Today, to get over my non-existent writers block, I write about how I became a programmer. Telling the story almost 7 years in means that you’re reading or hearing (assuming you don’t have a good relationship with your screen reader) the 7th edition. And as with every new (and improved) edition, I’ve sprinkled an assortment of Indian spices here and there so lick carefully.
I started programming in 2010 after I bought (or rather my father bought) my first laptop. It was the first computer I owned in my life even though I had been playing with them on and off since 1995. I had some fun writing Lotus and dBASE IV commands. I wasn’t programming. I didn’t even know what I was doing typing those commands from my manual.
A series of accidents threw me into a bad situation. In 2008 I entered the Kwame Nkrumah University of Science and Technology to study Agricultural Engineering. It turned out to be a nightmare. But I didn’t see it coming because I love agriculture (I come from a family of farmers) and I love engineering (I’ve always been fascinated by how things work). Putting them together meant I was in for double fun, right? Nope! Agriculture wore the engineering toupee in a funny way. We couldn’t talk about organic food without invoking Newton’s third law of motion or talk about the zeroth’s law of thermodynamics without invoking the triple threat of weather, pests, and atheists (they don’t believe in curses). Calculus tilled the land (instead of hoes) because our yields should approach infinity. I was in trouble but I wasn’t going to be an easy roll over. I thought it would make sense to keep an open mind.
Im ‘non homo. That means I easily backtrack on my resolutions so when I decided to keep an open mind no matter what, I let the keys to the lock drown to the bottom of the ocean. It’s such a good feeling to be positive about everything and everyone. It was all nice and healthy until one young professor was cocksure that a calculator wasn’t a computer. It was a serious wtf moment. We wasted several minutes trying to convince each other (a better use of our time if you ask me, for only God knows what other nonsense Pontiff was stuffed with but he lacked time to deliver). Then I realized he had a secret weapon: a closed mind. Technically I was the only person who could be convinced because while I was locked out of his mind he had full access to mine. Since then I’ve learnt to keep an open mind only for some time not all the time. I got new lock and key for my mind.
That was some time in 2009 or so. I spent the rest of my days passing tests (in truth narrowly escaping trails) and waiting impatiently for June, 2012 when I’ll leave and never have to return. Until the biggest intervention in my life happened: my father, on June 10, 2010, paid 1,400 GHS for my first computer. He had no idea what he had done. He had, without intention, paid the ultimate sacrifice in my behalf. And for that I remain thankful. Even today I still look back to June 10, 2010 as the day he became my father.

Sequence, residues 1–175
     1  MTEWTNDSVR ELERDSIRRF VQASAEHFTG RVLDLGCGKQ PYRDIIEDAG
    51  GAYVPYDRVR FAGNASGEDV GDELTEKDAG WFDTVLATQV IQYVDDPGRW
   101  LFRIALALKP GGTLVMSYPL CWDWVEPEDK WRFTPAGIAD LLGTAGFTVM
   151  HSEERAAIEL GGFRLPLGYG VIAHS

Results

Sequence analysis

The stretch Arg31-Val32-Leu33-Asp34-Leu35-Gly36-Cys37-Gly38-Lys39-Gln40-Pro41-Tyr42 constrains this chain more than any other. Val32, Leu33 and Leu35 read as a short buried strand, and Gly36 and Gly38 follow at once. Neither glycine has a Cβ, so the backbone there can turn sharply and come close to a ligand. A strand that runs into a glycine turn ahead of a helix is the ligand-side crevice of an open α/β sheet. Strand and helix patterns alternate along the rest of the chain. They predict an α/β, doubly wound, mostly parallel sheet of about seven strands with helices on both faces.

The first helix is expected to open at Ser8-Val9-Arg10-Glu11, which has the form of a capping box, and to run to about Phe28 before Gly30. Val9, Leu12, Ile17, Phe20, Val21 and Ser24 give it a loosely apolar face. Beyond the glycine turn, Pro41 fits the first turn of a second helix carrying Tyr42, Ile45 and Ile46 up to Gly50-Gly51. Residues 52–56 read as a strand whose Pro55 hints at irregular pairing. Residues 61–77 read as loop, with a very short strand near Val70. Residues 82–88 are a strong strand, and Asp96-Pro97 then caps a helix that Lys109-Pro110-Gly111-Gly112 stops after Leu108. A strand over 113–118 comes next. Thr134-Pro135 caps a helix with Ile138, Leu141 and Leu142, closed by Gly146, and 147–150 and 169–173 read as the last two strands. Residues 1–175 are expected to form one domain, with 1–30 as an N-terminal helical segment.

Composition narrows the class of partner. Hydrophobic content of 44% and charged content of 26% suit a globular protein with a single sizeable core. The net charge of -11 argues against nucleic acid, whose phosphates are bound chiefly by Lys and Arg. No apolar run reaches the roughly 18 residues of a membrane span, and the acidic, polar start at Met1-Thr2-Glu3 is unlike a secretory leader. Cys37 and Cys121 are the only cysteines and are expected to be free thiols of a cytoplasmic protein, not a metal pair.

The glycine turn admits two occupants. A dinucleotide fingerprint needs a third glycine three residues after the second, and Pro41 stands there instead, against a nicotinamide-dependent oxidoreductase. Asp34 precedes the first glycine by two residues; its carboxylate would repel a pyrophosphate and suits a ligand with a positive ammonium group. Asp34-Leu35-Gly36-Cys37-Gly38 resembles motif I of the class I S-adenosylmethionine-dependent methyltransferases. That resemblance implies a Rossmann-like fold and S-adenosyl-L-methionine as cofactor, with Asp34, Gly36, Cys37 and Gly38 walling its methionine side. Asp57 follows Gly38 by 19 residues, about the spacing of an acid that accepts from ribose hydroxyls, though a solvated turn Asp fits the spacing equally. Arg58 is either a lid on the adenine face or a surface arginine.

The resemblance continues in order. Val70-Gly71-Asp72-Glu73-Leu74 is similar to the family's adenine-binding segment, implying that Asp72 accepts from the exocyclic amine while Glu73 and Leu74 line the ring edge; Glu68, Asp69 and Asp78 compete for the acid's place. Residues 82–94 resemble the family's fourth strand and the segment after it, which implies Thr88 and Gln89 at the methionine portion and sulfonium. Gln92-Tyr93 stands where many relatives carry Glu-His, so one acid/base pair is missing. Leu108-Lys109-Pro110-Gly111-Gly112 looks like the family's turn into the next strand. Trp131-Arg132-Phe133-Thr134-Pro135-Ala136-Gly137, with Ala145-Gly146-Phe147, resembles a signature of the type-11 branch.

There were things I didn’t want to do with my new toy: movies and games. Left me very little to do. My friend Francis Addai had been programming since I knew him and he was willing to help. I pirated James Payne’s Beginning Python and started programming. You’re probably asking, Yaw, as someone new to programming how did you decide to learn Python as your first programming language? I think the programming language you start with matters so I’ll share the wisdom behind my choice, for posterity’s sake. Python is a fantastically simple scripting language with powerful libraries already included, incredible IDE support, many free resources, and an unusually helpful community. Python code is clean and easy to read by default (even more so in a beautiful color scheme or none). It can be used for everything from simple programs to complex data science and everything in between. You think it and Python got you covered. You step out and Python cleared your path. Bullshit! I chose Python randomly. I typed something into Google and Python showed up first. Nothing more than that. I didn’t care about anything. Fam, I’m lucky it wasn’t Java. I probably wouldn’t be here to write this.
I built programs out of equations in my engineering manuals and course books, fed one to the other in experiments I couldn’t try in the lab. I simulated the life into boring fluid dynamic concepts and found interesting bounds of activity. I made claims around what was possible and what wasn’t with the help of my arsenal of little programs. It will take 2 more years of tinkering before I start web development. In those two years, I enrolled in a self-taught Python for Engineers and Truants (I had more meaningful reasons to skip classes now). It was extremely fun and rewarding. In so many ways I consider myself lucky that my introduction to programming didn’t start with web development. I wouldn’t have developed my intuition and problem solving skills to a high level if I got in the easy way.
Let me get a glass of water.